Baby boomers’ huge numbers and surprisingly shaky health threaten government old-age benefits. That’s why you need to bolster your own retirement finances more than ever.
More than 60 members of the U.S. Senate have sent a letter to the Centers for Medicare and Medicaid Services urging the agency to protect Medicare Advantage by keeping rates stable, as CMS is expected to finalize its MA rate announcement for 2023 by April 4.
Senators extolled the virtues of Medicare Advantage, citing its varied benefits – meal services, telehealth, in-home care, nutrition services, hearing, dental and the like – and claimed that the program has been instrumental in helping enrollees stay healthy and safe during the COVID-19 pandemic.
Public policy experts question the sustainability of Social Security, Medicare and Medicaid as the baby boomer tsunami washes up on the shore of eligibility at the rate of roughly 10,000 a day.
A study, published in JAMA Internal Medicine, reported that a sample of the baby boom generation, the 78 million Americans born between 1946 and 1964, was less healthy than many of their parents. Despite a supposed penchant for healthy living, it seems that boomers have higher rates of hypertension, diabetes, obesity and high cholesterol than members of the previous generation at a similar point in their lives.
Comparing boomers to their parents, researchers found that 7% of boomers use a cane or other device to aid mobility, versus 3% of the previous generation 13% of boomers have some limitations relative to everyday tasks like walking upstairs or mowing the lawn, compared to 8.8% of their parents. And the leading edge of the boomer wave is but a “young”? 67 this year!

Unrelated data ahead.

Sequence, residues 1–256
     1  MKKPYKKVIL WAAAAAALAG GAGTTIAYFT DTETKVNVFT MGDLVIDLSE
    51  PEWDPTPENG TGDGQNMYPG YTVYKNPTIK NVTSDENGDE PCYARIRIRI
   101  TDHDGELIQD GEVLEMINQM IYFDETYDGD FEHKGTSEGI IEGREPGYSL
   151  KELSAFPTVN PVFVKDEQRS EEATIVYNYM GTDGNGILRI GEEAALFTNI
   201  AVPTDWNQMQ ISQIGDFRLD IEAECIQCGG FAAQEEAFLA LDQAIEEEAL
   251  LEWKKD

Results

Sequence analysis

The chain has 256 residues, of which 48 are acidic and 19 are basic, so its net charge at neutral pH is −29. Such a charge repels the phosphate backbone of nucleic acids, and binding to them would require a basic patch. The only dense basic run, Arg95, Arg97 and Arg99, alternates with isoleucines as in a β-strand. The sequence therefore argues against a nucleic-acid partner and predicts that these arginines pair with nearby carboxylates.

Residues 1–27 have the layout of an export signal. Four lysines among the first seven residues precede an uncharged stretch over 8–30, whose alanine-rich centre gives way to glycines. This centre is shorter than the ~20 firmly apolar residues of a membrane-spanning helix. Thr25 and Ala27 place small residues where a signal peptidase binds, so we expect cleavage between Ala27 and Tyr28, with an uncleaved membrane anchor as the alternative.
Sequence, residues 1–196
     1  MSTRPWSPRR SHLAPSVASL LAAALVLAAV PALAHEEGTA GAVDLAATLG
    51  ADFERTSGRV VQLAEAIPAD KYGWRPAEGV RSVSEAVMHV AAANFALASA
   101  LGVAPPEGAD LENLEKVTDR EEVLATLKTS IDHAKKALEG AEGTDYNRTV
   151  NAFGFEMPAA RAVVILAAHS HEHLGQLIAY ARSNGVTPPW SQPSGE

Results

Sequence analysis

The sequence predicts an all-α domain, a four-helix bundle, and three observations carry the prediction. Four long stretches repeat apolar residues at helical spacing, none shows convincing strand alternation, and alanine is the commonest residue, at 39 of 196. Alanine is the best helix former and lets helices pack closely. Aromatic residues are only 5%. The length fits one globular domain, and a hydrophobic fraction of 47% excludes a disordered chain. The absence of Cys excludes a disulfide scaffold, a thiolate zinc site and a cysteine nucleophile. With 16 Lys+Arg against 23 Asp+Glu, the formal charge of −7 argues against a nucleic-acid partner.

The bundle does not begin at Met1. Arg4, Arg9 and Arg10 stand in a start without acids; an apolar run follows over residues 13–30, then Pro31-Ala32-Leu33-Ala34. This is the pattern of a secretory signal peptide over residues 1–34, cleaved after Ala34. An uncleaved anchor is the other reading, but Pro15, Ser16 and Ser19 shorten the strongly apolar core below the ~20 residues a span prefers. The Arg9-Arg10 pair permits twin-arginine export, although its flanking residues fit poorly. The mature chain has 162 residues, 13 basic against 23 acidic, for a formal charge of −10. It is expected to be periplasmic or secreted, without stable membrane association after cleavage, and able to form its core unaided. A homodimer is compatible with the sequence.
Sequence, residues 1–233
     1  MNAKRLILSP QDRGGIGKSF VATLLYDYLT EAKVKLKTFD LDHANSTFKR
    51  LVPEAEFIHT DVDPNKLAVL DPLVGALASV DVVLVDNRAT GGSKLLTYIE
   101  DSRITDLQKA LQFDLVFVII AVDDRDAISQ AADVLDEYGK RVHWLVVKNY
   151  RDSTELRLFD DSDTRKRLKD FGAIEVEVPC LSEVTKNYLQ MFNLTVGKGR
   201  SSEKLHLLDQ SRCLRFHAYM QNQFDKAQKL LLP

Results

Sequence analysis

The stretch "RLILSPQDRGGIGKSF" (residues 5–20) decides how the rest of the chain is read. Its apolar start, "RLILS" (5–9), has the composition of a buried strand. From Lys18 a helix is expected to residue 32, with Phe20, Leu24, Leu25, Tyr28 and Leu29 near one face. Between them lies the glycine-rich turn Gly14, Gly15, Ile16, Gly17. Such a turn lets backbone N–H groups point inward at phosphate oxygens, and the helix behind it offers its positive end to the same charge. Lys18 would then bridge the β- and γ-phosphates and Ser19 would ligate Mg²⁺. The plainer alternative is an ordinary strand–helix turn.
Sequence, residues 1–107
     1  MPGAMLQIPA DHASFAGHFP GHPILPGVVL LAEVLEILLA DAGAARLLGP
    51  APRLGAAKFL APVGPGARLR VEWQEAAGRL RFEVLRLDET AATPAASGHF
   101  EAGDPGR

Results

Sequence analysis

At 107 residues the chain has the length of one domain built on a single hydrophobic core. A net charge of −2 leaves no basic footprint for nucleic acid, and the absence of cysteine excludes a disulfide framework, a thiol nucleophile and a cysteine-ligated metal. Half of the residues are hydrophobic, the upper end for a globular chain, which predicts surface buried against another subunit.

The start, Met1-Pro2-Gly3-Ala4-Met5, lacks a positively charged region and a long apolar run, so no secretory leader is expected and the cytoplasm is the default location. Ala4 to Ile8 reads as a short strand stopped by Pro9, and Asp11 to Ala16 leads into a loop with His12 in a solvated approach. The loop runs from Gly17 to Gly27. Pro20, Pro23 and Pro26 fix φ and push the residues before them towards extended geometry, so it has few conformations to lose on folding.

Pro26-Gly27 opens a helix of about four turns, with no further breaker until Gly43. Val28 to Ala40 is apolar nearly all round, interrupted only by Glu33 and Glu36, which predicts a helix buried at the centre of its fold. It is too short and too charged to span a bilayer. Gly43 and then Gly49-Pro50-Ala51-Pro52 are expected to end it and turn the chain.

According to Dr. Dana King of the West Virginia School of Medicine, quoted in Time magazine, “Baby boomers are living longer, so I think there may be presumptions from that they are the healthiest generation. But they are not in excellent health while they are waiting around to live two to three years longer. Unfortunately, they may be living longer with a greater burden of chronic disease, and more disability. It’s not exactly a good public health outcome.”?
What’s more, 75% of boomers suffer from hypertension with significant cardiovascular damage implications, versus 35% of their parents who had high blood pressure. A greater portion of the population is more overweight or obese than before, triggering these complications. We turn to drugs and surgical solutions rather than treat root causes. All of this increases medical costs while other data foreshadow a fiscal train wreck as more boomers become eligible for government benefits.
In 1941, 41 workers supported each beneficiary enrolled in Social Security. The ratio today is 2.9 workers per retiree the ratio is expected to drop to two workers per recipient by 2030. In a May 22, 2012, report on Social Security issued by the Mercatus Center at George Mason University, Veronique de Rugy declared, “The program was stable when there were more than three workers per beneficiary. However, future projections indicate that the ratio will continue to fall from two workers to one, at which point the program in its current structure becomes financially unsustainable.”?
Another worrisome trend is an explosion in Social Security disability claims, as witnessed by the increased number of commercials on cable television touting the services of disability claim lawyers. In 1992, one person was on disability claim status for every 35 workers. Now it is one for every 16.
A report in The Wall Street Journal indicated that white American college-educated women, what the paper sees as “a good proxy for the middle class,”? has a fertility rate of 1.6. The overall fertility rate in the U.S. is 1.98. The replacement rate is 2.1. If our population is not growing, where will the future supporters of those on government benefits come from?
Boomers need to pay more attention to the link between health and wealth. The pursuit of fitness and healthy eating is more than an exercise in physical wellbeing – it is a smart financial strategy. While we do not know to what extent Washington policymakers will pare back government benefits, reality says they will. Pressure will continue to raise taxes on workers to support an expanding pool of benefit recipients. The math is inescapable.
Build your nest egg. Get insurance while you are healthy and can qualify. Allocate a prudent portion of your investment dollars to inflation hedges that produce growing income streams. Making 1% before taxes, while inflation is at 2% or 3%, is not going to support longevity – especially if you live longer but sicker. See government benefits as a nice possible extra, not a retirement and healthcare plan.
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